The other day a vet friend of mine who believes in a kind of conspiracy theory (in no way connected to politics) asked me why I felt it was so important to try and convince him of his error.

It took some soul searching and thinking to figure out why I feel the need to set the record straight on many things. I’m not just talking about political bunk but on many issues.

During a web search, I found the term Epistemic Responsibility which also goes by the name of Intellectual responsibility.

I discovered a 10-minute video from PBS on Crash Courses in Philosophy that defines it. While I did not agree with either end of the philosophical view presented in the video, I did come to a middle ground in understanding why and how I function.

The two views of epistemic responsibility presented in the Crash Course in Philosophy are below.

  1. It Is Wrong, Always, Everywhere, And For Anyone, To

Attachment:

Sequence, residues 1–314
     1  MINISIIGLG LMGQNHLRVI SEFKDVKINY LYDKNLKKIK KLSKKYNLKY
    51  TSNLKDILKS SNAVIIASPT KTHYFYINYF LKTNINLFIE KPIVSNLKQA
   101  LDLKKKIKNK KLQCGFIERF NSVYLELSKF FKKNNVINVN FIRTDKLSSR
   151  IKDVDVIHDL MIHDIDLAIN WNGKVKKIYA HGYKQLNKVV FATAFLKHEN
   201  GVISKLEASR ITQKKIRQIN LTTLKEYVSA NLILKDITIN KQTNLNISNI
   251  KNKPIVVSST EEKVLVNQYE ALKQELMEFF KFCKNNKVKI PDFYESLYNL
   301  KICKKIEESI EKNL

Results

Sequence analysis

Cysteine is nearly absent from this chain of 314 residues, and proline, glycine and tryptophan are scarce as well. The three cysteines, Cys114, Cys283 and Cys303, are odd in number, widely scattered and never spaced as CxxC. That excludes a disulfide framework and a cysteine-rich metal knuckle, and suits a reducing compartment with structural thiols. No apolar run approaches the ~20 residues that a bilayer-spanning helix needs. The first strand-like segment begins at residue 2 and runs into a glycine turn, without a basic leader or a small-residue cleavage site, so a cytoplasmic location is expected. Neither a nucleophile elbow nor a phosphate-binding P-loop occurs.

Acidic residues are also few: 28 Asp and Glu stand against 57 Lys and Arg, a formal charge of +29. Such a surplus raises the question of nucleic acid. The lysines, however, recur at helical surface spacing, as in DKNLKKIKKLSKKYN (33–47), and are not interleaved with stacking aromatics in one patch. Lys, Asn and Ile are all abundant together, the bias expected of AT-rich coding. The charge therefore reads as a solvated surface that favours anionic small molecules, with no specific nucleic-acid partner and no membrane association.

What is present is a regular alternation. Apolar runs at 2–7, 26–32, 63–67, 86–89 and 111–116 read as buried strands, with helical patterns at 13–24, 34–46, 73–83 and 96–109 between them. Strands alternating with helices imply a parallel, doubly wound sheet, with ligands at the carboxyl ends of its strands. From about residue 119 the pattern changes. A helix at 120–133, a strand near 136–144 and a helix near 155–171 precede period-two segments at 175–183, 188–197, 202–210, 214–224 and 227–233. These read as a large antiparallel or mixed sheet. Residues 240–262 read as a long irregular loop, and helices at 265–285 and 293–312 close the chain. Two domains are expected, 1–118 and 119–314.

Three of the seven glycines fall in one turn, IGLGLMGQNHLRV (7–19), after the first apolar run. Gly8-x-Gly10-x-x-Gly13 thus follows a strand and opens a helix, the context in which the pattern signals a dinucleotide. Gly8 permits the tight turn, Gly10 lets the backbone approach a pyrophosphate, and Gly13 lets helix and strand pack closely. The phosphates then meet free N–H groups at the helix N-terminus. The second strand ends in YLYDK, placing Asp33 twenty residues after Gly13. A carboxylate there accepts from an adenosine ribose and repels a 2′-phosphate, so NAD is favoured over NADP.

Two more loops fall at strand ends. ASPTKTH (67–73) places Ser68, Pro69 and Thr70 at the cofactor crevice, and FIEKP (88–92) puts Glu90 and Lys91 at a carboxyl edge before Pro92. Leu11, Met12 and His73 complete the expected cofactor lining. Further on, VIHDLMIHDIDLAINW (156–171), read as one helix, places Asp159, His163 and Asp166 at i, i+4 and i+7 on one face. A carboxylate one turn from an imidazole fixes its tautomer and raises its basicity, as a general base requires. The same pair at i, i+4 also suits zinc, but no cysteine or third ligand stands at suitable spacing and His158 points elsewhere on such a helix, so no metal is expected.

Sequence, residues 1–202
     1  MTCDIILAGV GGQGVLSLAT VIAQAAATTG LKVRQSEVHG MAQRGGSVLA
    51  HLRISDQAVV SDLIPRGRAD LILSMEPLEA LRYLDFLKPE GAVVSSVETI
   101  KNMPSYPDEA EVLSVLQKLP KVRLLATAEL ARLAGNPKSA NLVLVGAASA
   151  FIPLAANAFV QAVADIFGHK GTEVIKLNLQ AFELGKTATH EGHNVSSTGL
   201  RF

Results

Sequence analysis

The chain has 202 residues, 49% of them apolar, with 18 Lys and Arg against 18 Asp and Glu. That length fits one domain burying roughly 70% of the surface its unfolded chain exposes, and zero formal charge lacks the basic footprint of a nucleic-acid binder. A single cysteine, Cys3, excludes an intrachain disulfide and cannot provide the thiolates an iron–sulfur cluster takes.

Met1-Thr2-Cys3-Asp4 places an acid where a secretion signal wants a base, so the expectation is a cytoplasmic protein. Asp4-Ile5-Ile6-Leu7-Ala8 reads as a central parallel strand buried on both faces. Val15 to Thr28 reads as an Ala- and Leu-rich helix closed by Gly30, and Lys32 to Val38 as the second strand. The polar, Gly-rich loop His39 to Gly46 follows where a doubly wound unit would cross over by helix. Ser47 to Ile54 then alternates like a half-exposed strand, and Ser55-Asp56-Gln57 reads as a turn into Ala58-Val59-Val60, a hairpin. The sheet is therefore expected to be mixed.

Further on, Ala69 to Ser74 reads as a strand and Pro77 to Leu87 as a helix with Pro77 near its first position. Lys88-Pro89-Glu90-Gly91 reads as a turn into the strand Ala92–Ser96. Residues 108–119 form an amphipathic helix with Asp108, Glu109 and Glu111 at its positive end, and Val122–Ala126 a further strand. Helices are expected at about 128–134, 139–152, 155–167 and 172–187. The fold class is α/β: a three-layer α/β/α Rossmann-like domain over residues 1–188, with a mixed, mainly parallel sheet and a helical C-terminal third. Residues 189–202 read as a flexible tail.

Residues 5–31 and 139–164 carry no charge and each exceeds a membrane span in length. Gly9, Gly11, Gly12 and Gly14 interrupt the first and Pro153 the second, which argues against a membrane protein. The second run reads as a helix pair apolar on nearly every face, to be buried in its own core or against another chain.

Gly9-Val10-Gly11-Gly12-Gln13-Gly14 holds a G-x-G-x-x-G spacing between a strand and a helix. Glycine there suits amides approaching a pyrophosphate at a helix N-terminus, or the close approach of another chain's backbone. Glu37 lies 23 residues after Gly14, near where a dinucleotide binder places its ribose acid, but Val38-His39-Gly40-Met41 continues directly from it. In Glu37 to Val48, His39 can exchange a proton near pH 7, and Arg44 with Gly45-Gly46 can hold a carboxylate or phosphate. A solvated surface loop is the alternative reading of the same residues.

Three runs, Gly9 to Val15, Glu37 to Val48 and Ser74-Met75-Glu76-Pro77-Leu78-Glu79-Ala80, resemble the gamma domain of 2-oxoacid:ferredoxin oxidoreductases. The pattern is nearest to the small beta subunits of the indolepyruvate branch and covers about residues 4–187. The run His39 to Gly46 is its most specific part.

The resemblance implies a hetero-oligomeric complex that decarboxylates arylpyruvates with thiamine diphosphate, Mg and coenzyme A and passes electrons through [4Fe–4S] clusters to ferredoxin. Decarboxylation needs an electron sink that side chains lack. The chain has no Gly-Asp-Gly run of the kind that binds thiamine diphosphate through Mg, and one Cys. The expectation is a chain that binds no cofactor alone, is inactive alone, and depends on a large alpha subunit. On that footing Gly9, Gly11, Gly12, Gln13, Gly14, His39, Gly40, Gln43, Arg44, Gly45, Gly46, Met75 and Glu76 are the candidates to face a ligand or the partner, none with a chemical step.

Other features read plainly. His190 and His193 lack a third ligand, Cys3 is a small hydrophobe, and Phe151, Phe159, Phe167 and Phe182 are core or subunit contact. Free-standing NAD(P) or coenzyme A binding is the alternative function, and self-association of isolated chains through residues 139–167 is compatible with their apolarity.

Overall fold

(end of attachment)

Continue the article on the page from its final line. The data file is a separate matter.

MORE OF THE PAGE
Believe Anything Upon Insufficient Evidence ~ W. K. Clifford’s influential essay, The Ethics of Belief
  2. William James argued against Clifford’s view by stating that certain beliefs did not need to be provable to remain intellectually honest.

My view is, as long as you understand your beliefs are beliefs and facts are facts then you can remain intellectually honest.

I’ve acted this way for a long time without knowing there was a philosophic argument for this behavior. There can be very negative consequences for people and society that hold false beliefs as facts.

When it comes to politics, be careful what you believe. Do your best to separate facts and belief. It’s OK to have beliefs and opinions as long as we remember that is what they are. As the saying goes, we are entitled to our own set of opinions but we are not entitled to our own set of facts.

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